Many and probably most storage leases contain a “waiver of subrogation” clause. So what is subrogation? It is basically the right of a party who has paid a claim to recover against the at-fault party. A simple example would be the situation where an insurance company pays a claim to an insured and then to recover, sues the party that caused the damage. Basically, the insurance company stands in the shoes of the insured and collects against the party that did the harm. Imagine an insurance claim where an apartment building owner made a claim against his insurance company for water damage to an apartment. The insurance company pays the claim to the apartment building owner but then sues the upstairs tenant who left the water running, causing it to overflow.
A typical storage lease clause would look something like this:
WAIVER OF SUBROGATION: Occupant agrees to waive its rights and the rights of its insurance company for any claim for loss or damages against Owner.
In the clause, the Occupant is agreeing that if the tenant whose contents are harmed recovers a claim against its own insurance company, the insurance company will not sue the self storage facility owner to recover what it paid out as a claim.
An Auction Price Greater Than What is Owed (Including Costs) Does Not Benefit a Self Storage Operator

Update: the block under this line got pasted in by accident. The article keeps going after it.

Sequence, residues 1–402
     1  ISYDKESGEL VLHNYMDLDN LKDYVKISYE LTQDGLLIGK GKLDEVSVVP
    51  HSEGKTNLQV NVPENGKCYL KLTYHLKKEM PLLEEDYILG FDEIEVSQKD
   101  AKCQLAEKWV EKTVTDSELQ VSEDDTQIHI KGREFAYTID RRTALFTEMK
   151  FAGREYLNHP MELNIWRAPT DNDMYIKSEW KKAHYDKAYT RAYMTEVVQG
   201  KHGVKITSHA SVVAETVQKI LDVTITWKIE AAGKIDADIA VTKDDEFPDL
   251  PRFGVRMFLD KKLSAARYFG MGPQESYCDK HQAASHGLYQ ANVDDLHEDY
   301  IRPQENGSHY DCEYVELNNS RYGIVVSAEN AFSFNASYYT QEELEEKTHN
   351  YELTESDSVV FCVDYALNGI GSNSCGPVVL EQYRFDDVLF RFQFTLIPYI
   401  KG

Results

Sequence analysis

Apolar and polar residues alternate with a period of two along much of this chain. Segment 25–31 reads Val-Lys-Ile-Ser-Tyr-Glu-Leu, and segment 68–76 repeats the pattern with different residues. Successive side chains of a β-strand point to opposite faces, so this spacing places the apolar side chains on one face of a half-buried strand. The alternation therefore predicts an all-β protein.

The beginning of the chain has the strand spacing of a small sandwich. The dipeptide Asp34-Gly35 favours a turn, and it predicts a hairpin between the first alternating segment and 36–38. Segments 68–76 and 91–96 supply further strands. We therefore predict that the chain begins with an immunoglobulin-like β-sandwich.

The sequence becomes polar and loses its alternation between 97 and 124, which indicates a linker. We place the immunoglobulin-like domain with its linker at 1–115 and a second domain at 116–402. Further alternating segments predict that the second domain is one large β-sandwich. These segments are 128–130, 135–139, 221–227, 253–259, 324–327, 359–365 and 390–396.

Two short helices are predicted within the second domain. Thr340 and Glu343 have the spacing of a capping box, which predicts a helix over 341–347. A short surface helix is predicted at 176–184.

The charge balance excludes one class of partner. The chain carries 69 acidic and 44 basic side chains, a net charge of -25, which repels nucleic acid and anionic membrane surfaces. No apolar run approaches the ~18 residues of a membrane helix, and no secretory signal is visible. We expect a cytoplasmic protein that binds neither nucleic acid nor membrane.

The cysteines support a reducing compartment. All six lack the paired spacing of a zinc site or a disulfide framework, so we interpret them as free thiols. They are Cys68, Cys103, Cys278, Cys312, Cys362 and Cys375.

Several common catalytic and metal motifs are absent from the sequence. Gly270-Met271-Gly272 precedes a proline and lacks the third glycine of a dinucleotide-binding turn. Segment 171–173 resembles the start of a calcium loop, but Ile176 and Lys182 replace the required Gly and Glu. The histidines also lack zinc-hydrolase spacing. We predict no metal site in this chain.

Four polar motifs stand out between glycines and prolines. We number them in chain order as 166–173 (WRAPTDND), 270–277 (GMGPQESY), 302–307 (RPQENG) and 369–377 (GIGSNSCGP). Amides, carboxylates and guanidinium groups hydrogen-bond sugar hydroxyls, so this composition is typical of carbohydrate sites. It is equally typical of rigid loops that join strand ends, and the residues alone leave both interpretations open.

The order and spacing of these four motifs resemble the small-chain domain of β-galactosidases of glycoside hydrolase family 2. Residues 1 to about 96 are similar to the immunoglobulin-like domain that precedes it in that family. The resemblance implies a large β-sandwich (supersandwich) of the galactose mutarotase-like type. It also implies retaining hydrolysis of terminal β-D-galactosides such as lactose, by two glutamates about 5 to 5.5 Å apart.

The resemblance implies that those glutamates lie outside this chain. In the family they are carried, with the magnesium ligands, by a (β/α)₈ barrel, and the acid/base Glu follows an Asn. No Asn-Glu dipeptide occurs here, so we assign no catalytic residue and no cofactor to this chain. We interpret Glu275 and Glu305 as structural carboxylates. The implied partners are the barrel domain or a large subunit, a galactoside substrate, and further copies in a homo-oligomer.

The TV show “Storage Wars” has greatly increased interest in sales and auctions conducted at self storage facilities. Interesting characters and active bidding makes the show a lot of fun to watch. But who gets the money? Does the storage facility owner get to keep the money? Do you have to turn any of the money over to the tenant? What if a unit owner owes $500 (including unpaid rent plus costs and expenses associated with collection) and the contents are sold for $2,500? The Pennsylvania lien law is clear on this point and provides:
§1913. Excess balance from sale
In the event of a sale under this section, the owner may satisfy his lien from the proceeds of the sale but shall hold the balance, if any, for delivery on demand to the occupant. If the occupant does not claim the balance of the proceeds within six months of the date of the sale, such balance shall be deemed to be abandoned and the owner shall pay such balance to the Secretary of Revenue who shall receive, hold and dispose of same in accordance with Article XIII.1 of the act of April 9, 1929 (P.L. 343, No. 176), known as “The Fiscal Code.”
So what does all that mean? It means that any monies paid over and above the amount owed the self storage operator (unpaid rents plus costs and expenses associated with collection) is owed to the unit tenant. In our example, the self storage operator cannot pay itself more than $500 and has to hold the $2,000 initially for the benefit of the unit owner. That begs a couple of questions. First, do you have to track down the occupant? I think the answer to that is no, but you do have to hold the money. Second, what do you do with the money? After six months, you pay it to the Commonwealth of Pennsylvania Secretary of Revenue as abandoned. The bottom line is that driving up the price at auction over and above what the self storage operator can legally claim is not a windfall for the operator.